The demand now is far greater than 15 to 20 years ago and these cost money.

In a talanoa session the other week, Bruce told a work mate how money can be evil. I quipped money was not evil but it was the love of money that was the root of all evil.

It is logical and common in people's lives to make money. Economic security is basic to one's opportunity to do much in any other dimension. Other needs are not even activated until that basic need is satisfied at least minimally.

Sometimes there are apparently noble reasons given for making money, such as desire to take care of family. And these things are important. But to focus on money-making as a centre will bring about its own undoing.

Stephen Covey says money-centred people often put aside family or other priorities, assuming everyone will understand economic demands come first.

As Jim, an investor from Brisbane, said it was important that FRU upholds transparency and accountability in conducting its services, especially if and when IRB and the Government lends substantial grants .

"Because that is children's money. To help get our kids off the streets, drugs and idleness, an alternative pathway for those who are not good academically," he said. "It's a shame on educated people if they bend low and deny this to our children."

This is not the first but hopefully the last call for FRU to venture into other income generating activities to supplement grants and sponsorship.

Maybe it's an opportune time to review gambling laws and through casinos in controlled locations rugby will earn a percentage of profits and tourism is lifted to new heights.

A time for the FRU to enhance our sons and daughters marketability to the professional world by building better infrastructure or innovative measures or maybe turn its assets to generate income.

Previously the casino concept was on the table with an aim at benefiting clubs and provincial unions. Not just casinos, but lottery generally.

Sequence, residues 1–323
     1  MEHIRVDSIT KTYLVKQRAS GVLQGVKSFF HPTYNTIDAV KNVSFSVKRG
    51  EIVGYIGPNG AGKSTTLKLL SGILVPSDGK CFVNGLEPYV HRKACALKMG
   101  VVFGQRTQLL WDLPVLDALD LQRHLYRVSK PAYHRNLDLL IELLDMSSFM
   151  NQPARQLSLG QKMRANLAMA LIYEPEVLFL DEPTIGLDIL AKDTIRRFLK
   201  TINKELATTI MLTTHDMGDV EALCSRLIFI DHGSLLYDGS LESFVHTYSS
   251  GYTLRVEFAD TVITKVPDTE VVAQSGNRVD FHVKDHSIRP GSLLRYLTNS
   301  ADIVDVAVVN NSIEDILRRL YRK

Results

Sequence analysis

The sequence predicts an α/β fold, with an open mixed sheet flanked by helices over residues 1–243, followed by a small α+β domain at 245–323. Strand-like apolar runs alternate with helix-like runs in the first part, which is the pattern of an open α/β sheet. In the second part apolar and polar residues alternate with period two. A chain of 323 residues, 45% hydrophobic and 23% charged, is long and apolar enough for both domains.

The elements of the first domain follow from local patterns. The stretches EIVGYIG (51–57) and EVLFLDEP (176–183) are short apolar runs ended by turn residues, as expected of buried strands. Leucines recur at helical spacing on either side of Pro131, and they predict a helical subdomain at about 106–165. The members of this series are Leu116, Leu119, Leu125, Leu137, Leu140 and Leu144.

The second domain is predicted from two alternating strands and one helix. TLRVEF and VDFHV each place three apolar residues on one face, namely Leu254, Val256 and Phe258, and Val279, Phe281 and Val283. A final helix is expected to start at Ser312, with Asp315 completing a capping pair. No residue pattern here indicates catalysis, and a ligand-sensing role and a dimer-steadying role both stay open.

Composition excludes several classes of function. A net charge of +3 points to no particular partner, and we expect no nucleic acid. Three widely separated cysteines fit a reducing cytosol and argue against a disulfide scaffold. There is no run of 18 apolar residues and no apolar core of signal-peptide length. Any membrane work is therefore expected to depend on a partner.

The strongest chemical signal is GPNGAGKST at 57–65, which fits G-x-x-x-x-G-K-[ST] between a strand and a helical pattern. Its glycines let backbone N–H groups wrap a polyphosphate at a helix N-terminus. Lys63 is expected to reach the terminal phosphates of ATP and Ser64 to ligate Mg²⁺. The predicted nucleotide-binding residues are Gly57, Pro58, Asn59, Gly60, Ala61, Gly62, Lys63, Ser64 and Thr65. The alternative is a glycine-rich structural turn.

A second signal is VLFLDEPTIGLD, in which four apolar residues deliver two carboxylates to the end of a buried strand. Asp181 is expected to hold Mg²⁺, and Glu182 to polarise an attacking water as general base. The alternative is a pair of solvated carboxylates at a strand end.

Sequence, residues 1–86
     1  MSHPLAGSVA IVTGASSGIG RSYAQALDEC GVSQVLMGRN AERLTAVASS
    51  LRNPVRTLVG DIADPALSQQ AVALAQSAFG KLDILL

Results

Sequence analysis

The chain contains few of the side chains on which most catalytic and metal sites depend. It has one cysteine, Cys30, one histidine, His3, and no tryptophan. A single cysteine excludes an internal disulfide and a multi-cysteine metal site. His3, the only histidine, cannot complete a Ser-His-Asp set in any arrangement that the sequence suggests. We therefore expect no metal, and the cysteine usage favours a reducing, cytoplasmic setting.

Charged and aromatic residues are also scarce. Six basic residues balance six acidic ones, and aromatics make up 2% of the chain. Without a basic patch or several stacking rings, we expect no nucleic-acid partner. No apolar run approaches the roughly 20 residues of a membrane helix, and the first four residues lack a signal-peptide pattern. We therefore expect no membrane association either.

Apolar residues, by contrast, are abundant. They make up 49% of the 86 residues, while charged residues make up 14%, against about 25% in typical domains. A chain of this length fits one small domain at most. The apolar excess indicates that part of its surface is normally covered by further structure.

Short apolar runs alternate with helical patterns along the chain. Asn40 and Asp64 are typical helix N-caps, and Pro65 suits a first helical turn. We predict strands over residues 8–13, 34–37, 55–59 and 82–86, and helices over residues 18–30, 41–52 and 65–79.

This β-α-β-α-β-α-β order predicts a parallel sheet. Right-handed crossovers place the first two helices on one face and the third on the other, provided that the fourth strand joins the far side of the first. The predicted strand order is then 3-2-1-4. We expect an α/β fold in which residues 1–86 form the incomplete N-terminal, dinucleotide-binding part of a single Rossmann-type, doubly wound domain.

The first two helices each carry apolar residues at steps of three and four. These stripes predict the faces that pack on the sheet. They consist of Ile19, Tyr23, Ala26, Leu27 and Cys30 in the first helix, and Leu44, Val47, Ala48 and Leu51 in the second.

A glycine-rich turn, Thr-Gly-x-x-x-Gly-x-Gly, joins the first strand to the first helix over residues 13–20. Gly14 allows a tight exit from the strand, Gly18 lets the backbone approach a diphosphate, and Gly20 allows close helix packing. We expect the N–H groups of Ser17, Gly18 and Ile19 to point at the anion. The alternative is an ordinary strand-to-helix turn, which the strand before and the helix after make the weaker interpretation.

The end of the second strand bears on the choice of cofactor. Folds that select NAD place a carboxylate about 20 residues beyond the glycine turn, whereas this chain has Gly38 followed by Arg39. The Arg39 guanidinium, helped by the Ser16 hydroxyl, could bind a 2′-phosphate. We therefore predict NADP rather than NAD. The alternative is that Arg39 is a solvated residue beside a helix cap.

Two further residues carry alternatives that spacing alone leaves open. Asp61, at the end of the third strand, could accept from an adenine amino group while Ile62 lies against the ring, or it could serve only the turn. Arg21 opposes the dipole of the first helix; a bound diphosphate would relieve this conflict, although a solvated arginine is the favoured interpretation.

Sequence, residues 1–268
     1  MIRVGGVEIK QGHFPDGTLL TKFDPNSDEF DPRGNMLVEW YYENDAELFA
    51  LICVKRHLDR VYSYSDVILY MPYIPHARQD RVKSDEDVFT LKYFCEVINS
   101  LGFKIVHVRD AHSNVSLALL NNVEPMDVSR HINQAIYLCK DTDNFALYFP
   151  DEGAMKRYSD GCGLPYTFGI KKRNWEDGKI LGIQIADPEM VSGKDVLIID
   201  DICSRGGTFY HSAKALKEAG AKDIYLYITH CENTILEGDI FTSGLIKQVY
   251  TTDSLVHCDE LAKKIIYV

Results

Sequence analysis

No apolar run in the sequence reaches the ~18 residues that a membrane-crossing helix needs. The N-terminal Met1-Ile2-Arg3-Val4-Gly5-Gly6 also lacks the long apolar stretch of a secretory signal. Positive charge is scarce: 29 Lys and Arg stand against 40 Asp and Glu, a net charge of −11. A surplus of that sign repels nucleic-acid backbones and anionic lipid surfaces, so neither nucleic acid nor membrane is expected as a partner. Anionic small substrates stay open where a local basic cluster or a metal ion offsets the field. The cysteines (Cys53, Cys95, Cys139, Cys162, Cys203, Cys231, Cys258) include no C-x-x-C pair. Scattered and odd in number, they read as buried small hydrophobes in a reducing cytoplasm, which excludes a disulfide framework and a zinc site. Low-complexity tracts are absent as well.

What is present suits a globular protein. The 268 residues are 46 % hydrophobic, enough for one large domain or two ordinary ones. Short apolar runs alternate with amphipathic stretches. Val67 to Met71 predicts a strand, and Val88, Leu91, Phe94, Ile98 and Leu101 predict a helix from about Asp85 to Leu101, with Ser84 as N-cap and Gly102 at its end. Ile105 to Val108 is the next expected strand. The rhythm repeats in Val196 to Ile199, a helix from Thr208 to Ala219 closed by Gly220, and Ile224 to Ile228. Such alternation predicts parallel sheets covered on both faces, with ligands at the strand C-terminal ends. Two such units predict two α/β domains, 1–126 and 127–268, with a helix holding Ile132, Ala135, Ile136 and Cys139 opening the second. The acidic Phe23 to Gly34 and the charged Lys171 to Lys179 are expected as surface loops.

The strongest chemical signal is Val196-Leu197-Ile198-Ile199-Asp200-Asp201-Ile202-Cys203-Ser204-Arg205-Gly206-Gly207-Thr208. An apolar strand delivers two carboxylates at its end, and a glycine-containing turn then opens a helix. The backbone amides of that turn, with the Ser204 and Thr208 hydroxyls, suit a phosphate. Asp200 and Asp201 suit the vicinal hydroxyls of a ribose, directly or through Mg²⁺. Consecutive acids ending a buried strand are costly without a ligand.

While holidaying in West Hampstead in London, former rugby great Pio Bosco Tikoisiva told me how in the UK the national lottery contributes generously to charity including sports. "I am told and I have heard about for some time." he said.

Take Tattslotto in Fiji for instance. One of the major reasons it was approved was the fact that Fiji rugby was one of the supposed beneficiary. Unfortunately, this did not materialise, all proceeds went to the Fiji Sports Council (that is building into a bigger story).

So, it proves that yes, it can definitely support sports associations economies. There had been plans for an international size ground, with modern lighting to attract big matches, even Super 14 games.

Discussions on this was well underway in 2006 when FRU had discussions with the current government and FSC regarding Lawaqa Park. The government was supportive but it seems the problem was with FSC agreeing to the terms FRU was negotiating; the terms FSC was offering was not very helpful.

FRU's plan for Lawaqa Park was to upgrade it to international standard with appropriate training facilities, shopping mall and building accommodation and cafeteria close by.

FRU has had discussions with the Sigatoka Town Council and the traditional landowners. There was a company ready to come in if FRU got the nod to dominate sponsorship adverts/signboard.

FRU pays a lot of money during preparations for any Fiji national team -- hotel, meals, laundry. This accommodation plan can save a lot of money and can also offer the same facilities to other touring sides (may be not international teams, but other overseas clubs).

There are teams in Australia, NZ and even Japan that usually go to some other countries during their preparations for the new season. Having them come to Fiji on training camps-cum-holiday can be an attractive proposal.

The choice of Lawaqa Park was because of the location; distance from Nadi and the availability of very good hotels in the area.

The upgrade to international standards will not only attract international matches and Super 14s but it can also allow FRU to bid to host one of the IRB 7s tournaments.

FRU cannot bid because it lacks the proper facilities.

The FSC must seriously think of the benefit this FRU proposal can offer for taking Fiji rugby to another level, it can affect the tourist arrivals in Sigatoka area and of course be good for the business houses in the area.